Secretory carcinoma of the breast, a rare variant of ductal carcinoma occurs even in the young adults. Prognosis is excellent in younger age group but seems slightly less favorable in older patients. It is the only epithelial tumor of the breast with ETV6-NTRK3 gene translocation. We report a rare case of secretory carcinoma in a postmenopausal female mimicking like an abscess clinically and radiologically. In such cases, a high index of suspicion is needed.

 
  References Top

1.
Rosen PP, Cranor ML. Secretory carcinoma of the breast. Arch Pathol Lab Med 1991;115:141-4.  Back to cited text no. 1
    
2.
Kavalakat AJ, Covilakam RK, Culas TB. Secretory carcinoma of breast in a 17-year-old male. World J Surg Oncol 2004;2:17.  Back to cited text no. 2
    
3.
de Bree E, Askoxylakis J, Giannikaki E, Chroniaris N, Sanidas E, Tsiftsis DD. Secretory carcinoma of the male breast. Ann Surg Oncol 2002;9:663-7.  Back to cited text no. 3
    
4.
Arce C, Cortes-Padilla D, Huntsman DG, Miller MA, Dueñnas-Gonzalez A, Alvarado A, et al. Secretory carcinoma of the breast containing the ETV6-NTRK3 fusion gene in a male: Case report and review of the literature. World J Surg Oncol 2005;3:35.  Back to cited text no. 4
    
5.
Vesoulis Z, Kashkari S. Fine needle aspiration of secretory breast carcinoma resembling lactational changes. A case report. Acta Cytol 1998;42:1032-6.  Back to cited text no. 5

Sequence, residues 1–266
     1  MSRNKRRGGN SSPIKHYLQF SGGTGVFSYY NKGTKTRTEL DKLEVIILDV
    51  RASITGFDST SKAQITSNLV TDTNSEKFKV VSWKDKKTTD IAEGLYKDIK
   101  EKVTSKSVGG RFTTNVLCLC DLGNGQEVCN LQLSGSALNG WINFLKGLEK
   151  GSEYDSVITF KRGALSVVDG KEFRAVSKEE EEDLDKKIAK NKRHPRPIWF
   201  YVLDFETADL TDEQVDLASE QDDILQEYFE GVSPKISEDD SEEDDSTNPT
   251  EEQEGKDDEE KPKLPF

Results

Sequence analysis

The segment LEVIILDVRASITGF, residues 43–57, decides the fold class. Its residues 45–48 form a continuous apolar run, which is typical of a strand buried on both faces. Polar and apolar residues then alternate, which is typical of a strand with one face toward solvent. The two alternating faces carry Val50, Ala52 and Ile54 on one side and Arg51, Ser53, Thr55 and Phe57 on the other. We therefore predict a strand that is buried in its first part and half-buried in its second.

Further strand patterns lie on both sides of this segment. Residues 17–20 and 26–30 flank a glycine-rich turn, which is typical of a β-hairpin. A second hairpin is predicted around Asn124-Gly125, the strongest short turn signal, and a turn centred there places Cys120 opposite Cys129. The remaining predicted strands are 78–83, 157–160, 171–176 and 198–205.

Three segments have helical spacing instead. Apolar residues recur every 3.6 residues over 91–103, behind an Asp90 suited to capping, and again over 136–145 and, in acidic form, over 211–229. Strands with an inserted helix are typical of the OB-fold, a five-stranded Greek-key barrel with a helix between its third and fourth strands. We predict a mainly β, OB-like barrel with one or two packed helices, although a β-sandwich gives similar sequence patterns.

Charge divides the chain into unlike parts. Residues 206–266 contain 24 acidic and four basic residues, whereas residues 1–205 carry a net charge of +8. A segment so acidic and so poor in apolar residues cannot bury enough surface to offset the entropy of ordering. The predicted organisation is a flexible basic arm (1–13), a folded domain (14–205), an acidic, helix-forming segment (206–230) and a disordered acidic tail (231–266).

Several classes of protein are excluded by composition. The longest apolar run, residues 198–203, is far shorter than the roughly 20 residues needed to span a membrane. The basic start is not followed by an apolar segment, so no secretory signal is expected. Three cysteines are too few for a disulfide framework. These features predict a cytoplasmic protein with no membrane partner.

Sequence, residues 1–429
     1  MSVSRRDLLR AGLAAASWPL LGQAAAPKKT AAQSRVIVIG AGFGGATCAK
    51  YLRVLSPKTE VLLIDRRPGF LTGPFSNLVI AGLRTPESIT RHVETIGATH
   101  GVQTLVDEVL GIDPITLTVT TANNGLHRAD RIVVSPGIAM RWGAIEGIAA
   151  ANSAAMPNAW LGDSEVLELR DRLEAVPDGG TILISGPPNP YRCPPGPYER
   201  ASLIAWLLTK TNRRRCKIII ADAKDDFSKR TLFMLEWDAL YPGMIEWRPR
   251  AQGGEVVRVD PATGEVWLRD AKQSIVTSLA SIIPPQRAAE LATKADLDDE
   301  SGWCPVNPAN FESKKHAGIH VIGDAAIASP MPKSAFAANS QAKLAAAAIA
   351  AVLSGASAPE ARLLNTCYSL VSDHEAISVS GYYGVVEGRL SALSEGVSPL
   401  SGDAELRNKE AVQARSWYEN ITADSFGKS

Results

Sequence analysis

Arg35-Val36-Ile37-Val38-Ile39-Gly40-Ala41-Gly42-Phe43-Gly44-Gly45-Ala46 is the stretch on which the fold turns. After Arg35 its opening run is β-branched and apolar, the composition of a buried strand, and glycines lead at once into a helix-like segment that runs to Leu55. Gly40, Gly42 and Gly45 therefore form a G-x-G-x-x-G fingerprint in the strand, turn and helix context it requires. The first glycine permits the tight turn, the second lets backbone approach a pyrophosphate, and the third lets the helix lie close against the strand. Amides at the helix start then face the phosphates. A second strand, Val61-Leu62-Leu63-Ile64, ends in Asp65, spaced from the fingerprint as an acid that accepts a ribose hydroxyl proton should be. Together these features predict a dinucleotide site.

6.
Gabal S, Talaat S. Secretory carcinoma of male breast: Case report and review of the literature. Int J Breast Cancer 2011;2011:704657.  Back to cited text no. 6
    
7.
Tavassoli FA, Norris HJ. Secretory carcinoma of the breast. Cancer 1980;45:2404-13.  Back to cited text no. 7
[PUBMED]    
8.
Diallo R, Schaefer KL, Bankfalvi A, Decker T, Ruhnke M, Wülfing P, et al. Secretory carcinoma of the breast: A distinct variant of invasive ductal carcinoma assessed by comparative genomic hybridization and immunohistochemistry. Hum Pathol 2003;34:1299-305.  Back to cited text no. 8
    
9.
Herz H, Cooke B, Goldstein D. Metastatic secretory breast cancer. Non-responsiveness to chemotherapy: Case report and review of the literature. Ann Oncol 2000;11:1343-7.  Back to cited text no. 9
    
10.
Krausz T, Jenkins D, Grontoft O, Pollock DJ, Azzopardi JG. Secretory carcinoma of the breast in adults: Emphasis on late recurrence and metastasis. Histopathology 1989;14:25-36.  Back to cited text no. 10
    


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  [Figure 1], [Figure 2], [Figure 3], [Figure 4]